Treatment of the disease outside of exacerbation is associated with great difficulties. The main controversy lies in questions about the prescription of antibiotic therapy. Some doctors consider it necessary to take its course under any circumstances. They are based on the assumption that pathological microorganisms during the period of remission cannot always get into the prostate secretion taken for laboratory culture.

However, most experts are confident that antibacterial drugs are only necessary for the bacterial form of chronic prostatitis. In abacterial forms and asymptomatic prostatitis, antibacterial drugs should not be prescribed (according to the principle "not all drugs are good").

The main tactics should be anti-inflammatory and pathogenetic in nature, for which the following are prescribed:

  • Courses of nonsteroidal anti-inflammatory drugs.
  • Agents that improve blood microcirculation and lymphatic drainage of the prostate.
  • Immunomodulatory medications. Products based on prostate extract are quite popular: in addition to their immunomodulatory effect, they improve microcirculation by reducing thrombus formation and reducing the cross-section of blood clots, reduce swelling and leukocyte infiltration in tissues. These drugs help to reduce the intensity of pain in 97% of patients by 3. 2 times, and in dysuric disorders - by 3. 1 times. Medicines are available in the form of rectal suppositories, which is very convenient for outpatient use. The course of treatment is on average 3-4 weeks.
  • Psychotherapeutic medications (sedatives and antidepressants), especially for patients with erectile dysfunction.
  • Physiotherapy complexes that help improve blood supply and strengthen the pelvic floor muscles, balneology and physiotherapy - UHF, local rectal electrophoresis, microcurrents, transrectal and transurethral microwave hyperthermia, infrared laser therapy, magnetic therapy, etc. pain syndrome.

Answers to some questions about treatment methods and complications of chronic prostatitis

Question. Is it possible to use traditional medicine, particularly medicinal plants?

Yes. An example would be well-studied extracts from medicinal plants such as goldenrod, echinacea, St. John's wort and licorice root. Each of these plants contains components that have a positive effect on different pathogenetic links of asymptomatic and abacterial chronic prostatitis. Suppositories made up of extracts from these plants can be purchased at pharmacies.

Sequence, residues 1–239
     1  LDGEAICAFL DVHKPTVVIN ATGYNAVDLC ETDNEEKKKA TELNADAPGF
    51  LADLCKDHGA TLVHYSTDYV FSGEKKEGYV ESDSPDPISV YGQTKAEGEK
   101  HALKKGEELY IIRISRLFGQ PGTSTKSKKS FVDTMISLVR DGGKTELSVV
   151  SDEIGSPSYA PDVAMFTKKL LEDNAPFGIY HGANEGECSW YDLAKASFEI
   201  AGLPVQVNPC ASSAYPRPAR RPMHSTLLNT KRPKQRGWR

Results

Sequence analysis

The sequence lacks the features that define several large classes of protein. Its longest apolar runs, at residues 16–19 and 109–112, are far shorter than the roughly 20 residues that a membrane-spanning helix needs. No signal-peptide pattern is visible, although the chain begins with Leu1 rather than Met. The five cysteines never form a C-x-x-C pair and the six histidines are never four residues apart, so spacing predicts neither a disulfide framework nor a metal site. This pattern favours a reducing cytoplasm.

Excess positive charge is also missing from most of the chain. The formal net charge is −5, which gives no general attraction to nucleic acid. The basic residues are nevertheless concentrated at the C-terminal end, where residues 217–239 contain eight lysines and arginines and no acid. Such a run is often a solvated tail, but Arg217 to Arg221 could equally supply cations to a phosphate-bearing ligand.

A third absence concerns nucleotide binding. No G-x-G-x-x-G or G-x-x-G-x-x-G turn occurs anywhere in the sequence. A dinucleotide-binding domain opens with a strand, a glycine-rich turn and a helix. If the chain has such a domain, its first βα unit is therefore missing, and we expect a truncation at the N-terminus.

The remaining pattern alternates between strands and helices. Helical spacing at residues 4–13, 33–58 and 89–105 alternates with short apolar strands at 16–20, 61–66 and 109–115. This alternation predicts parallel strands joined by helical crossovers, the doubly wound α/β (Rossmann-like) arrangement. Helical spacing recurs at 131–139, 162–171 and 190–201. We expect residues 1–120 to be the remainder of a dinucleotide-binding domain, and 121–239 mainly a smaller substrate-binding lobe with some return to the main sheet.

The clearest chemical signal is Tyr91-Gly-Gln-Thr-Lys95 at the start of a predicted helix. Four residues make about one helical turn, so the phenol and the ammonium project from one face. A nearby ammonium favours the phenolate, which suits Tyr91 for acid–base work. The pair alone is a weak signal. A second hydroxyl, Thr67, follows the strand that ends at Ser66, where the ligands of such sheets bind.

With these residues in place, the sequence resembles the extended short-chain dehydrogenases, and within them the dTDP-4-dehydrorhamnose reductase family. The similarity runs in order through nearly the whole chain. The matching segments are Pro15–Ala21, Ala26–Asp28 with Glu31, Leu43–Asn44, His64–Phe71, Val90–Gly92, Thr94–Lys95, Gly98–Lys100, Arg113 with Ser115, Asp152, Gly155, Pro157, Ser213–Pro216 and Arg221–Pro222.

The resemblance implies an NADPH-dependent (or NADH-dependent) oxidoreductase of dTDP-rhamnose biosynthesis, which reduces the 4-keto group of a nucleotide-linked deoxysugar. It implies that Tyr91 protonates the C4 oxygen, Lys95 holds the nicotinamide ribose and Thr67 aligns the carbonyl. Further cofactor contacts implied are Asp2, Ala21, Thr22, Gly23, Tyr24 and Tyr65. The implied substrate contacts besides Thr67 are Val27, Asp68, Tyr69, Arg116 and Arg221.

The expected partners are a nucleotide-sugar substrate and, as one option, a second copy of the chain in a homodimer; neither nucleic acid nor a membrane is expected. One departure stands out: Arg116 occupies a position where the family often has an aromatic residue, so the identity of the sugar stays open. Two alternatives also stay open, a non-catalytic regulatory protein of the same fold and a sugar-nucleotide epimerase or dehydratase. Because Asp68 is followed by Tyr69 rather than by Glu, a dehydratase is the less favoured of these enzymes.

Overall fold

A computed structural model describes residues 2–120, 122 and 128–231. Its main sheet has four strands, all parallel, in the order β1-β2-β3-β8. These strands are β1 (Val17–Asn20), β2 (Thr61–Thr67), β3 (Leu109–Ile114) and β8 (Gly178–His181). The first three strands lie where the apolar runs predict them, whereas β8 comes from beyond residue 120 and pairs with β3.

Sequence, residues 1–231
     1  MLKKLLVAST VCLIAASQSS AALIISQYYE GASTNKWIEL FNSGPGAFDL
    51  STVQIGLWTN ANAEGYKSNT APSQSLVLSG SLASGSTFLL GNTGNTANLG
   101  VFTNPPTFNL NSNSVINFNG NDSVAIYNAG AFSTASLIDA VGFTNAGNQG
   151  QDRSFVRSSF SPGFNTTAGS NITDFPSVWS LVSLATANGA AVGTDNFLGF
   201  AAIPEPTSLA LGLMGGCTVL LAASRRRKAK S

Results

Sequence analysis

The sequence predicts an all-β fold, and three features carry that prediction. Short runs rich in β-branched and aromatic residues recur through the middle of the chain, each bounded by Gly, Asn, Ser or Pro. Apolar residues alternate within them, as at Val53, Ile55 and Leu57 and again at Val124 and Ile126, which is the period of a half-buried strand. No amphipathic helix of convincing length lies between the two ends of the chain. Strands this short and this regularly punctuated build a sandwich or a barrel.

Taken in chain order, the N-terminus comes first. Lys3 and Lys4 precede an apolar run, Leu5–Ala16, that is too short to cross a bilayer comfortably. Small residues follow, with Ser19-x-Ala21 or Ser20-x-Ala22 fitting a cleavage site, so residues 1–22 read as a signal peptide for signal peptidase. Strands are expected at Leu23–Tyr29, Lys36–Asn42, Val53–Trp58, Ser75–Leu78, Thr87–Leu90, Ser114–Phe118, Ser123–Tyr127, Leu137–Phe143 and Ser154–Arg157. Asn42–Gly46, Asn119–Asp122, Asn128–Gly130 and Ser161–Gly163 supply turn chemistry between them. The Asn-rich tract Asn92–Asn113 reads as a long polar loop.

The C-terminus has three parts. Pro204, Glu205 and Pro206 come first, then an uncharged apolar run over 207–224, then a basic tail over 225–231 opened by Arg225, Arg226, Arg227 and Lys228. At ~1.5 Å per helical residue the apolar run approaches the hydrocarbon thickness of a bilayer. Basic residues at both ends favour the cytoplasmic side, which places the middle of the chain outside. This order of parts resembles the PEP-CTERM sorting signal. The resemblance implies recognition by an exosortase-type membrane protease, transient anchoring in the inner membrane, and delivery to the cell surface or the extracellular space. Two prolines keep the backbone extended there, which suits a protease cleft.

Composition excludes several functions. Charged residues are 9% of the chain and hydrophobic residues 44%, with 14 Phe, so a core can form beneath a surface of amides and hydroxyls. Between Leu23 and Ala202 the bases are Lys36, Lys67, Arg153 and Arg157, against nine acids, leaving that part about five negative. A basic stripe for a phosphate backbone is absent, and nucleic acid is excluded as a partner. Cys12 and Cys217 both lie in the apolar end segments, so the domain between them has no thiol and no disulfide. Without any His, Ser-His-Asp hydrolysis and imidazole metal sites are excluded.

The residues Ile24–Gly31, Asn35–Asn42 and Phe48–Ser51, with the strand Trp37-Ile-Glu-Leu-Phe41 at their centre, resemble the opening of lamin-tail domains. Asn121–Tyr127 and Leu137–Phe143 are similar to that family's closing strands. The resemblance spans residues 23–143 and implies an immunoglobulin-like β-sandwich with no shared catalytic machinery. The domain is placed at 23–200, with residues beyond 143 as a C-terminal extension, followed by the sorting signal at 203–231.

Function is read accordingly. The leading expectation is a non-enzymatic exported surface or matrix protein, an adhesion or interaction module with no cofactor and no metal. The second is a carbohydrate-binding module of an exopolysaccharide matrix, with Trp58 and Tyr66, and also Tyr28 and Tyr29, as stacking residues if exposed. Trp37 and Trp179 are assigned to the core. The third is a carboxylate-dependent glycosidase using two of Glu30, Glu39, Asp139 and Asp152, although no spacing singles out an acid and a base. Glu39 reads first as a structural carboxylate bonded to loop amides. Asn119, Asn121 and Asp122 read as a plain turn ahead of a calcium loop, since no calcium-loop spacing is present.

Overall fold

Question. If there is chronic prostatitis in men, is treatment with rectal prostate massage necessary?

In many foreign clinics, given the effectiveness of physiotherapeutic treatment, they abandoned this physically and psychologically unpleasant procedure. In addition, finger massage allows you to influence only the lower pole of the prostate. In some countries, massage is still considered effective and is used by most urologists.

Question. Is it worth using non-traditional treatment methods - acupuncture, cauterization with medicinal herbs on energetically active points, hirudotherapy?

Considering the theory of influence on energy points and fields, one must answer affirmatively. But no convincing evidence of a positive effect has been obtained. Only the possibility of short-term relief from unexpressed pain and dysuria syndromes is reliable.

As for hirudotherapy, the enzymes in the saliva of a medicinal leech help to improve the microcirculation of the gland, reduce tissue swelling, increase the concentration of drugs in inflammatory foci and normalize urination.

However, alternative treatment methods should be used in conjunction with officially accepted treatment and only in consultation with a specialist.

Question. Can chronic prostatitis cause prostate cancer?

Inverse interdependence is absolutely accurate. Complications of prostatitis are abscess, sclerosis of the glandular tissue and stricture (narrowing) of the urethra. There is still no evidence of the degeneration of glandular cells (as a result of prostatitis) into cancerous cells.

Patients with any form of chronic prostatitis must be constantly under the supervision of a urologist, undergo examinations and undergo preventive treatments.